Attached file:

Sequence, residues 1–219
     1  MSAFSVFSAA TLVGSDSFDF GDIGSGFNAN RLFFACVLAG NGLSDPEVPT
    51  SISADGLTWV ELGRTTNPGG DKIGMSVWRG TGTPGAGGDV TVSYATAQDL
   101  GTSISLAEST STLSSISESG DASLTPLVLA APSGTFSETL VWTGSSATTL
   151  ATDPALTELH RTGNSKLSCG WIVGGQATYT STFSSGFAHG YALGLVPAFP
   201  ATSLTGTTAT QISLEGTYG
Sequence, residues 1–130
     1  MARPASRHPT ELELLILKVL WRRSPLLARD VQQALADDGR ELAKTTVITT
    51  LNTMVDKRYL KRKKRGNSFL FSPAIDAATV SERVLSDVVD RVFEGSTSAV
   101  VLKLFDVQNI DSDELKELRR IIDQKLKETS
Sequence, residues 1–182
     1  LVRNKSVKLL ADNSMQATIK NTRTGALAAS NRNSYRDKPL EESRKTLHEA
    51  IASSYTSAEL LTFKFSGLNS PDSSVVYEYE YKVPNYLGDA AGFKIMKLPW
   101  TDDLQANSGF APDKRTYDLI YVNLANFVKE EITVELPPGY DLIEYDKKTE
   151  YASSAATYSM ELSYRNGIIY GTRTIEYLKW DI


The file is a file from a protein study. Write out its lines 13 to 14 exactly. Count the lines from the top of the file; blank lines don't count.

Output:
    51  IASSYTSAEL LTFKFSGLNS PDSSVVYEYE YKVPNYLGDA AGFKIMKLPW
   101  TDDLQANSGF APDKRTYDLI YVNLANFVKE EITVELPPGY DLIEYDKKTE